• Interphase- is part of the cell cycle before mitosis. During Interphase
        • The cell grows
        • DNA is being copied
        • This period between cell division can be very long.
  • Prophase- This is the longest phase. During this phase;
      • The nuclear envelope disappears.
      • The centrioles start to move to the opposite poles.
      • Spindle fibers start to form.
      • Chromosomes are becoming evident.
  • Metaphase-Metaphase is the shortest phase of mitosis.
      • The chromosomes line up in the middle of the cell.
  • ANAPHASE- Begins when the centromere that join the sister chromatids start to split.
      • The chromosomes are being pulled to the opposite sides of the cell toward the Centrioles.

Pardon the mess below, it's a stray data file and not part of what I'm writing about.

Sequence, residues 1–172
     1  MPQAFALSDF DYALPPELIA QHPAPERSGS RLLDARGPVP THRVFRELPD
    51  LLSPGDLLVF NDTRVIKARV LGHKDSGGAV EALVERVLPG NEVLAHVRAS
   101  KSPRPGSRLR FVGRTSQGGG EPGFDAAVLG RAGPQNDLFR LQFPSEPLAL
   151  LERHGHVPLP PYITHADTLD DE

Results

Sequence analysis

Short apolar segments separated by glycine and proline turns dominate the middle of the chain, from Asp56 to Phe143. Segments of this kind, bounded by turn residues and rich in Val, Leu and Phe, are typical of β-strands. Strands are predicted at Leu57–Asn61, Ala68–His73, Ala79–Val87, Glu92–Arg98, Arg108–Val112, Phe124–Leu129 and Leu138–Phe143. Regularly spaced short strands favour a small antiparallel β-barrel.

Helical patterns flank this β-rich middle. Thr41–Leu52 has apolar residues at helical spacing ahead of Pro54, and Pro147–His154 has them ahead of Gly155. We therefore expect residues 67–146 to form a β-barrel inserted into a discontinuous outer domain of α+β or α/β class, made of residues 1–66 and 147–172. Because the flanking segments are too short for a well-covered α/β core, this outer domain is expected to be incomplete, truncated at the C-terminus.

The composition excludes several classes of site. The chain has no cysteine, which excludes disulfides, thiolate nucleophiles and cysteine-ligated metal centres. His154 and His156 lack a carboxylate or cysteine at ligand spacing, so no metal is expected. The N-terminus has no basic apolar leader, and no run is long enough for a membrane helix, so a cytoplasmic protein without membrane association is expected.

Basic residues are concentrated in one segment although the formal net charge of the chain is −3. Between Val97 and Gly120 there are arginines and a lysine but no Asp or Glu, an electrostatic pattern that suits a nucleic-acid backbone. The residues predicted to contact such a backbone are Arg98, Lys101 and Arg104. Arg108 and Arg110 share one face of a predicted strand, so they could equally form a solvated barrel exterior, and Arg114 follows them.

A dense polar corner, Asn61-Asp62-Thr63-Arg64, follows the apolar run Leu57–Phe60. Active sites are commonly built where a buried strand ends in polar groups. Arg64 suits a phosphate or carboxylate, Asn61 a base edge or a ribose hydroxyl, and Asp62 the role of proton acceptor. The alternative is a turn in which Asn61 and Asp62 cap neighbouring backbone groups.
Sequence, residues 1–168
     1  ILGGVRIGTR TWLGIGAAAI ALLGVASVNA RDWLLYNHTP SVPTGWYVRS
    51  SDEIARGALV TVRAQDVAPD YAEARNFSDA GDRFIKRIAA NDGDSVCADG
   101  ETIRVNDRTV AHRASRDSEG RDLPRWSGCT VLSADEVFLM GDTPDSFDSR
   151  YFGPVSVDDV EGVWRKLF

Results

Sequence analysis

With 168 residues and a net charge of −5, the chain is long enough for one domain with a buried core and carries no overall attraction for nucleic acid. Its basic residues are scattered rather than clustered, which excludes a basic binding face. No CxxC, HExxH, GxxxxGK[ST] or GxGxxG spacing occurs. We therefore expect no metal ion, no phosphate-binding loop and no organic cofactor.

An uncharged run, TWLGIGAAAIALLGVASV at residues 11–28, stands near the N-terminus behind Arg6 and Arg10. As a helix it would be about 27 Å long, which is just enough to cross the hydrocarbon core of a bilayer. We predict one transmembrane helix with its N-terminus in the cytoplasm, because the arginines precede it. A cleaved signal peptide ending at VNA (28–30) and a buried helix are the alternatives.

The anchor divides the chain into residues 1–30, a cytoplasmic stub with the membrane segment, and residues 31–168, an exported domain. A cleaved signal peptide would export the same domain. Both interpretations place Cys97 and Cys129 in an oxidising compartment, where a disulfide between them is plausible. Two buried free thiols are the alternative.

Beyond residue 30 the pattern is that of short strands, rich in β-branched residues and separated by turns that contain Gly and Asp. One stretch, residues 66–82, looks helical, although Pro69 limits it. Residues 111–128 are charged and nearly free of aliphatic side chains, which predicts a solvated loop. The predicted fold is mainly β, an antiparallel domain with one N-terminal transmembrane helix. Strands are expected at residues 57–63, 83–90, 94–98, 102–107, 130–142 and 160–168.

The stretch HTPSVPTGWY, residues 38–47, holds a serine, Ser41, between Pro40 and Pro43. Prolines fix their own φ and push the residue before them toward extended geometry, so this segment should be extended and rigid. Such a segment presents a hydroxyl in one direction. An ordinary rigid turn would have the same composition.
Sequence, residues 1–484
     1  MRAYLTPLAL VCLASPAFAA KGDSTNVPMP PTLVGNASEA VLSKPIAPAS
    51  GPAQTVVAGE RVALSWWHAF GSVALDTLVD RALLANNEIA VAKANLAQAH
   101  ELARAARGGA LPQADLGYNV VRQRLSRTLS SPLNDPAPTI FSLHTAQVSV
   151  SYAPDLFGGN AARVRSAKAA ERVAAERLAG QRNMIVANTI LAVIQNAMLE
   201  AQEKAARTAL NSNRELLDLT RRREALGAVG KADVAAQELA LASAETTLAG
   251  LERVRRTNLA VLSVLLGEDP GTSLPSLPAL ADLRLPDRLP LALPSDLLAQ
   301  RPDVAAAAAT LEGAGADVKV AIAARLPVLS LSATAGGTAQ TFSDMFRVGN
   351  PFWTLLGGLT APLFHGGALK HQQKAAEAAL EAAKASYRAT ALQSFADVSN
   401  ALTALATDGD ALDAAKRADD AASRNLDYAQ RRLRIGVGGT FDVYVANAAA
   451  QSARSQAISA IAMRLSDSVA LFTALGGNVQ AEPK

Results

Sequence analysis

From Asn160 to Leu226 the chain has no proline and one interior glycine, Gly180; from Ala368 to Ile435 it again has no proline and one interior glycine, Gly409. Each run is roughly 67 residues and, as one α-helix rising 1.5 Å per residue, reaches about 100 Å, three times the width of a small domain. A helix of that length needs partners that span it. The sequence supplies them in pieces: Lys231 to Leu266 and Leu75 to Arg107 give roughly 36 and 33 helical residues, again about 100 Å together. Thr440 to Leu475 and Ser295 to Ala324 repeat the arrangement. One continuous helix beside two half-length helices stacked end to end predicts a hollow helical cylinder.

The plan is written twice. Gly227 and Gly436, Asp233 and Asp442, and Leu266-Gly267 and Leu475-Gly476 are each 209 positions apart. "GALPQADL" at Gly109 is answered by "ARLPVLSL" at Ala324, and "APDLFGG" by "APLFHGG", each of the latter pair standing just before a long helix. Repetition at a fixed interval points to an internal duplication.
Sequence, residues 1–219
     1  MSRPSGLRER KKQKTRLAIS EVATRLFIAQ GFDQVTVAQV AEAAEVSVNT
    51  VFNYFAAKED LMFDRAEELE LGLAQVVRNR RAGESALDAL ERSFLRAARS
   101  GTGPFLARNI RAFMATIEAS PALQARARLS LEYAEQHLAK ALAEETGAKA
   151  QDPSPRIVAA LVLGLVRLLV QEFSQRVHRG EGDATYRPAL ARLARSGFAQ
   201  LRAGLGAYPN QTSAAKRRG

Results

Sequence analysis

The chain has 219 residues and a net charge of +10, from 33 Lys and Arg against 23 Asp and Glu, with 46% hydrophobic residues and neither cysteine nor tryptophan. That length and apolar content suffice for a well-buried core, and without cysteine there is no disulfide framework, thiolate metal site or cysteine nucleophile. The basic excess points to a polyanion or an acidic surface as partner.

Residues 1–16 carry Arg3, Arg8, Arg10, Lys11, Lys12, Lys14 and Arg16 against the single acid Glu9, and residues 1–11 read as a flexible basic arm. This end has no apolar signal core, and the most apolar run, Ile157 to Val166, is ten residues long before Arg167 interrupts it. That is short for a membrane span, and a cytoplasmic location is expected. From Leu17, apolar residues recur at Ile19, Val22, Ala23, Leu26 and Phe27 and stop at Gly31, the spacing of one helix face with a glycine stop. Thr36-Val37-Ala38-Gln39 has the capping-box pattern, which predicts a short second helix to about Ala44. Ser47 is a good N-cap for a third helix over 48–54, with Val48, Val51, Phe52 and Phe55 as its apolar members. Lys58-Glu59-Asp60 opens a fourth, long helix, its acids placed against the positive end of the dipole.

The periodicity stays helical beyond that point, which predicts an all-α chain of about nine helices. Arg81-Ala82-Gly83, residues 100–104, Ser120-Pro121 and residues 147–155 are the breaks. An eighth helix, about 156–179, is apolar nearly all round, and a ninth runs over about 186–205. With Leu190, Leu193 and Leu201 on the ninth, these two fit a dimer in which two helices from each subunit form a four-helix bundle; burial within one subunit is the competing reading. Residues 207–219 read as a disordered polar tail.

• TELOPHASE-Final process of mitosis.
      • Chromosomes are at the opposite poles.
      • Nuclear envelope reforms.
teacher note
Teacher note:
  • Teacher pick cell explorer
iii regulating the cell cycle
III. Regulating the Cell Cycle

A. Controls on cell division.

1. Scientists can observe the effects of controlled cell growth in the lab by placing some cells in a petri dish.

2. On the bottom of the dish is nutrient agar, which is food for the cells.

3. Most cells will grow until they form a thin layer covering the bottom of the dish. (see page 250) Then the cells stop growing.

4. If cells are removed from the center of the dish, they will again grow until the space is filled.

5. The same thing happens in the body to repair from an injury.

b cell cycle regulators
B. Cell cycle regulators.

1. For many years scientists are looking for something that can regulate the cell cycle.

  • It was discovered that a protein cyclin regulated the cell cycle.
3. Cyclin regulate the timing of the cell cycle in Eukaryotic cells.